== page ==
Initial costs include design, construction and installation, purchase or leasing, fees and charges. Future costs include all operating costs, such as rent, rates, cleaning, inspection, maintenance, repair, replacements / renewals, energy and utilities use, dismantling, disposal, security and management over the life of the built asset. Opportunity costs generally represent the cost of not having the money available for alternative investments (which would earn money) or the interest payable on loans to finance work.
The primary benefit is that costs which occur after an asset has been constructed or acquired, such as maintenance, operation or disposal, become an important consideration in decision-making. Previously, the focus has been on the up-front capital costs of a building or asset, and organisations may have failed to take account of the longer-term costs of an asset.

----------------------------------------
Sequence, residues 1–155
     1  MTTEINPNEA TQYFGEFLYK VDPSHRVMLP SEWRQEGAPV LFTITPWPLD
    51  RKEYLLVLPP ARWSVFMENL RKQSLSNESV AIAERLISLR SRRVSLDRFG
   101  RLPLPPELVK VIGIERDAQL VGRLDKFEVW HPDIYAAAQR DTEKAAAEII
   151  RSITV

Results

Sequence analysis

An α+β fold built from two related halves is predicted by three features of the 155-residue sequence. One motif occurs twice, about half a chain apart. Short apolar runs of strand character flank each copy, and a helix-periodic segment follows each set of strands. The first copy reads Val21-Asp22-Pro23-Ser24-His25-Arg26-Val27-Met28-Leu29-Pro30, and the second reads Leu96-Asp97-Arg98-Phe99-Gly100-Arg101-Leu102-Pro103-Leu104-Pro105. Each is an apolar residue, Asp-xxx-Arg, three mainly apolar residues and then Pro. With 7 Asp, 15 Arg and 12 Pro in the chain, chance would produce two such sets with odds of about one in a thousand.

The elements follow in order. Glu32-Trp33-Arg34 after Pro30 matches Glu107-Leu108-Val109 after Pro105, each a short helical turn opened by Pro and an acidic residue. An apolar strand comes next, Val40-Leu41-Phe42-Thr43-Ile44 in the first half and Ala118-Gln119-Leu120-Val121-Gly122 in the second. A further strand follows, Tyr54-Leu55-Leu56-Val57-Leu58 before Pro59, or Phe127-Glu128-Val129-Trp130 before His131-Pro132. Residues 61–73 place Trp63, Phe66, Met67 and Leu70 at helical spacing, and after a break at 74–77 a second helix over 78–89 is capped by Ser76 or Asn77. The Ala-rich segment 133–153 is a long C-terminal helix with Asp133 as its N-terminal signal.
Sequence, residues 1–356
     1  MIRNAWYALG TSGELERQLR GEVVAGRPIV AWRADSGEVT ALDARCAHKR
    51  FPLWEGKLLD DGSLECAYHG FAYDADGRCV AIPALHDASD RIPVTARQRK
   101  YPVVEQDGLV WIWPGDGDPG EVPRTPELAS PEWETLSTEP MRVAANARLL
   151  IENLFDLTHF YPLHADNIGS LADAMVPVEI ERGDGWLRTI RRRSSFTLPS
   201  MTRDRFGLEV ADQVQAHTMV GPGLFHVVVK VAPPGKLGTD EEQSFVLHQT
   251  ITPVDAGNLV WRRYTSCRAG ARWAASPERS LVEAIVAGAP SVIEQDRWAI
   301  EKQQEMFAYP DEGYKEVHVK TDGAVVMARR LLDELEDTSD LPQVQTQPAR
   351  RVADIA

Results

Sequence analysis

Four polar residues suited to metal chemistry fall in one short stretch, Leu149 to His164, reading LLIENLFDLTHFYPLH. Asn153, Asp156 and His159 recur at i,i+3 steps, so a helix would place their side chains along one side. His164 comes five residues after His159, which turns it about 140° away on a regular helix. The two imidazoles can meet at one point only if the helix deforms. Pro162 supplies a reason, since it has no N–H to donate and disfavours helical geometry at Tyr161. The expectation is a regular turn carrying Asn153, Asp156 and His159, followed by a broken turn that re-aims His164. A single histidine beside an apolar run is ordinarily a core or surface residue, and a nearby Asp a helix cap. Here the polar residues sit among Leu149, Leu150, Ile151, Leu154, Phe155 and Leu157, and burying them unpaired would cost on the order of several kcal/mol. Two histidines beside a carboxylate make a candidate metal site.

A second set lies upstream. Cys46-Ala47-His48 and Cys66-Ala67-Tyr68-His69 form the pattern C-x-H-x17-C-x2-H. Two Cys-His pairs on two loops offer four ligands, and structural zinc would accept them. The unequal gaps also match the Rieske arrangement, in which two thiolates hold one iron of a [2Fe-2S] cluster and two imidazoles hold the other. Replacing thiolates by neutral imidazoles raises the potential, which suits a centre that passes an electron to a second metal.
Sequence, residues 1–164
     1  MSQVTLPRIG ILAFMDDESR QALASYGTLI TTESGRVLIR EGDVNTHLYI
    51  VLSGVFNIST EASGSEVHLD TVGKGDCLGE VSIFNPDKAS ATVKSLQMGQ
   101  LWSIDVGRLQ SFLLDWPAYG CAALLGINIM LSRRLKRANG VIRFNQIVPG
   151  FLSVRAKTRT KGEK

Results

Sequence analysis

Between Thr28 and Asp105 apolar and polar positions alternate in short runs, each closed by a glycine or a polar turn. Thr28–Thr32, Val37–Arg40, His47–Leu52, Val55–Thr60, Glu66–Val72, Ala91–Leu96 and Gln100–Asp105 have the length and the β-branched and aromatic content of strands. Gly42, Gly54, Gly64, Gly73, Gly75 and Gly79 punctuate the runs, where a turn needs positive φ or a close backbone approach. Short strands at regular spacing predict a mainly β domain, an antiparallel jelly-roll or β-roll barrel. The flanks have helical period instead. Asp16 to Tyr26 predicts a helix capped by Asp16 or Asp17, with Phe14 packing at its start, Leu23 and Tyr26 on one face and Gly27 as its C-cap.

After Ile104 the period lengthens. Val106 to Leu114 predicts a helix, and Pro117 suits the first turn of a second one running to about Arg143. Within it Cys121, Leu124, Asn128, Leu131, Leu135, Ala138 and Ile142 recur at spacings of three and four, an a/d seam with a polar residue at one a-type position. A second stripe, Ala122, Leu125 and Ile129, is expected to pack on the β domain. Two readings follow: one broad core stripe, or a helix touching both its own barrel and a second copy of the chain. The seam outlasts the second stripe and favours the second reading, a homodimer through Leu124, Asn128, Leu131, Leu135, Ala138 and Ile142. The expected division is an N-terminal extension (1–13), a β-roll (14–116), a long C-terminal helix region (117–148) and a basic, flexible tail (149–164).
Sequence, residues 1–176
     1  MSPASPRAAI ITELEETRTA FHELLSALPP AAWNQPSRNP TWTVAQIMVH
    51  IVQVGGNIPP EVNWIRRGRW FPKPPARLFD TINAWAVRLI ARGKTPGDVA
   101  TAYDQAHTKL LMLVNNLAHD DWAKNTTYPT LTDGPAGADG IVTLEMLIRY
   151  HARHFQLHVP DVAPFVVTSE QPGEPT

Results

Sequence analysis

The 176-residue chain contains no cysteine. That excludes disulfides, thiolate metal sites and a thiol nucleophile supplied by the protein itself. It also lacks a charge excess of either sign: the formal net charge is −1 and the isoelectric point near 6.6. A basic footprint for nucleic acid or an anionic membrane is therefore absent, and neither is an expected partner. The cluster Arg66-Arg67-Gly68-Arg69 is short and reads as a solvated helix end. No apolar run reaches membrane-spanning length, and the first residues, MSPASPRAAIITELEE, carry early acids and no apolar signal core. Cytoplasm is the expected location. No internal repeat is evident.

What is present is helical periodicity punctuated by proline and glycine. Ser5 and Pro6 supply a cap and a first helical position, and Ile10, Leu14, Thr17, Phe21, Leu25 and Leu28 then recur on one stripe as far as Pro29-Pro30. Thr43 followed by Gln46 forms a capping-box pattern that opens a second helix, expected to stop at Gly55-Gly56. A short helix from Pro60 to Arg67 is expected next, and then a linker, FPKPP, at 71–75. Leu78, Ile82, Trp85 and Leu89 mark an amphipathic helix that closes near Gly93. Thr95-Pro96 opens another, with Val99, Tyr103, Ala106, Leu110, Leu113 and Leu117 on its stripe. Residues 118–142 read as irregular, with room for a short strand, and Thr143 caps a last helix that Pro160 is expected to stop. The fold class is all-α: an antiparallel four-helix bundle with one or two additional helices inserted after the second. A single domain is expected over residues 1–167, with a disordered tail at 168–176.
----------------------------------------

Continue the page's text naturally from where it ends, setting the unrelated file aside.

Whole-life costs are considered a better way of assessing value for money than construction costs, which can result in lower short-term costs but higher ongoing costs through the life of the building. This can also apply to things such as design fees, where saving money on fees at the beginning of a project can be outweighed by very much higher ongoing costs through construction and occupation.
Call us for a chat on how Soft Landings and WLC can help you improve the efficiency of your building whilst reducing operating expenditure.